Whenever I am outdoors tasting and savoring the deliciousness of air, earth, fire and water, the door to happiness cracks opens. And, if not lasting, at least long enough to rekindle the heart’s engine of desire for life and the pursuit of a sustainable, global peace.
This past week it was a ferry boat ride to the northern end of Lake St. Clair whose cold deep waters nestled among the peaks of middle Tasmania that provided this moment of grace.
The haunting quality of grey trunked trees mirrored in black water so still the landscape, though seemingly mute, spoke with such force my head rang and I felt almost dizzy surrounded by such beauty. A beauty so touching, one cannot help but beg for forgiveness for ever doubting its magnificence.
In this high place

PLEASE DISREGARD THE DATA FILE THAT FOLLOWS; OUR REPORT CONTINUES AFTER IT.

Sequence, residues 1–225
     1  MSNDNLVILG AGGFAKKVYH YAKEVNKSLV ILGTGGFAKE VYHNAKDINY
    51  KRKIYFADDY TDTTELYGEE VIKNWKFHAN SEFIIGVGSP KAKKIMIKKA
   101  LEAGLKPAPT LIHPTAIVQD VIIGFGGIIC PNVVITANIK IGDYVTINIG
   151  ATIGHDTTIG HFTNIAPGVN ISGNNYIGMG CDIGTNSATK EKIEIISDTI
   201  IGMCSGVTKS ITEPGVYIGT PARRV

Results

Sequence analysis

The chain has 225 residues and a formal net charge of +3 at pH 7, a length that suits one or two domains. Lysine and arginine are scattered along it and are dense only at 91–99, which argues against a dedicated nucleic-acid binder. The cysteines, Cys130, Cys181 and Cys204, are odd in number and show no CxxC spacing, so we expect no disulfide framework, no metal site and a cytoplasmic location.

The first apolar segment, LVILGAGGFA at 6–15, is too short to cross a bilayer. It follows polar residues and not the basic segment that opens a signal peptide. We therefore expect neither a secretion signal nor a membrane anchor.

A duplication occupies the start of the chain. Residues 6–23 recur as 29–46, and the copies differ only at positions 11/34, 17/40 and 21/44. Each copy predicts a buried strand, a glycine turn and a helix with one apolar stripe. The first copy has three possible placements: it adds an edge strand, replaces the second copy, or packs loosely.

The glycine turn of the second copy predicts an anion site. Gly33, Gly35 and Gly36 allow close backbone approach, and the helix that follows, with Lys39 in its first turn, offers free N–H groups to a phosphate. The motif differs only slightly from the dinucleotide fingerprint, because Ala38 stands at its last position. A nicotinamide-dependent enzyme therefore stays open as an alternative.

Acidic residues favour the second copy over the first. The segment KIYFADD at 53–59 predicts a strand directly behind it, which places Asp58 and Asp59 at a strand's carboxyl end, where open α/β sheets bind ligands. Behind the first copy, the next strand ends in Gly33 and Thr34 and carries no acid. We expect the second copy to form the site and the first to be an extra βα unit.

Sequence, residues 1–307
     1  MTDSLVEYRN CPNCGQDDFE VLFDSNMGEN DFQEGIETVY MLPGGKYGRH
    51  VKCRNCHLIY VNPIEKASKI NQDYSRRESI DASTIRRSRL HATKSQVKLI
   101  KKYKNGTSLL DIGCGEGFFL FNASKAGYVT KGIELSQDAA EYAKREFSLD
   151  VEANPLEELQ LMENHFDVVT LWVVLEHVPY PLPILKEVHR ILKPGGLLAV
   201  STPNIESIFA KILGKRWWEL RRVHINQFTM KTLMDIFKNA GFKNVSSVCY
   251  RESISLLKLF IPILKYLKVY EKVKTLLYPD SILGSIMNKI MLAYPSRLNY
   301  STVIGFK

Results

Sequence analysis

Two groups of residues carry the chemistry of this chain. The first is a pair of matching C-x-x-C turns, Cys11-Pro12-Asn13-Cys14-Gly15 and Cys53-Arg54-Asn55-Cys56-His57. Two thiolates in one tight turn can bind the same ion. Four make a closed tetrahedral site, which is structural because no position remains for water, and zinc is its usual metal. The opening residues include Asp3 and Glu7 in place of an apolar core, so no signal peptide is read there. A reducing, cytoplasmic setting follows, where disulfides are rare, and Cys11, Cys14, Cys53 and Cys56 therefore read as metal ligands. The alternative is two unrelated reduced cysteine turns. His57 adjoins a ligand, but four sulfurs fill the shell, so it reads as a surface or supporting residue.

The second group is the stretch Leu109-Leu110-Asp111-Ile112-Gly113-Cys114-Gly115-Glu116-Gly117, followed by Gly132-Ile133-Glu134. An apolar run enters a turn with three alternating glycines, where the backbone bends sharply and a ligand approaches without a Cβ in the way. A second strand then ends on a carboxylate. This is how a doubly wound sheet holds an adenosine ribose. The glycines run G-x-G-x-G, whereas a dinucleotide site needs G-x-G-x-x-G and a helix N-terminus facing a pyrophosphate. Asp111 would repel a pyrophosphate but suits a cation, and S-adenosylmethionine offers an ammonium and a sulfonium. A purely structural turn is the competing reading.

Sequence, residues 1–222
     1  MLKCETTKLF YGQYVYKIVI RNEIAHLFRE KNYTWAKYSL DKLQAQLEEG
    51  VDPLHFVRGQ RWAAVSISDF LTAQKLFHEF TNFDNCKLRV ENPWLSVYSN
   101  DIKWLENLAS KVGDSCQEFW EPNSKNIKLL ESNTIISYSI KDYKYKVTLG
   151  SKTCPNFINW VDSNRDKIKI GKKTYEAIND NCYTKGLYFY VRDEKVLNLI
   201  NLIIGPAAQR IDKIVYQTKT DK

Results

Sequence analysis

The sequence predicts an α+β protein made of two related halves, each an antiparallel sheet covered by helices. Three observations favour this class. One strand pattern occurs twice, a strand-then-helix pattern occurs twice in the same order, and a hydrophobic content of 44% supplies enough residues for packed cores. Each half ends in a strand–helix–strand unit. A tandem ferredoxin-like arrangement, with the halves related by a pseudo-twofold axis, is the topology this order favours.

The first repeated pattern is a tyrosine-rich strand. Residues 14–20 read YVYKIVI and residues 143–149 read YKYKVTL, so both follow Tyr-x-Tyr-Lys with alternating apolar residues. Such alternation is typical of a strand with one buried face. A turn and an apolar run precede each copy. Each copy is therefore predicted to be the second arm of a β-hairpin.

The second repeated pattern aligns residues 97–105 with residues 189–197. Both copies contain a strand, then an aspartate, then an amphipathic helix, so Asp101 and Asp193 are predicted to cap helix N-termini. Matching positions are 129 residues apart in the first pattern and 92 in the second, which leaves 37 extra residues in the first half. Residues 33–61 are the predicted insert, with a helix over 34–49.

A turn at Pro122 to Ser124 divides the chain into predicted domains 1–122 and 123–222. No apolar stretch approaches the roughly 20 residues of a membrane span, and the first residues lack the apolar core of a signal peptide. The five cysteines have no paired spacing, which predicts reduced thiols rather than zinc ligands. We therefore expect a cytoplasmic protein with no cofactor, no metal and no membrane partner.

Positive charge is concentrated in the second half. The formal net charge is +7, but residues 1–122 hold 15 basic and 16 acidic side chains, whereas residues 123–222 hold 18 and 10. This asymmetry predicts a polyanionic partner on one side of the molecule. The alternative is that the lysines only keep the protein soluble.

it is as simple as this,
leave everything you know behind.
Step toward the cold surface,
say the old prayer of rough love
and open both arms.
Those who come with empty hands
will stare into the lake astonished,
there, in the old light
reflecting pure snow
the true shape of you own face.
And later, stepping onto the shore beneath the myrtle tree with its own branching arms opened wide, I sensed a school room quality of “teacher with students” while standing among four tree ferns.
Immersing myself into the surrounds of Lake St. Clair allowed for the urgency of the world to abate for a moment. The day’s doors to happiness opened just enough to grant entry to the peace of wild things.
The Peace of Wild Things
When despair for the world grows in me
and I wake in the night at the least sound
in fear of what my life and my children’s lives may be,
I go and lie down where the wood drake
rests in his beauty on the water, and the great heron feeds.
I come into the peace of wild things
who do not tax their lives with forethought
of grief. I come into the presence of still water.
And I feel above me the day-blind stars
waiting with their light. For a time
I rest in the grace of the world, and am free.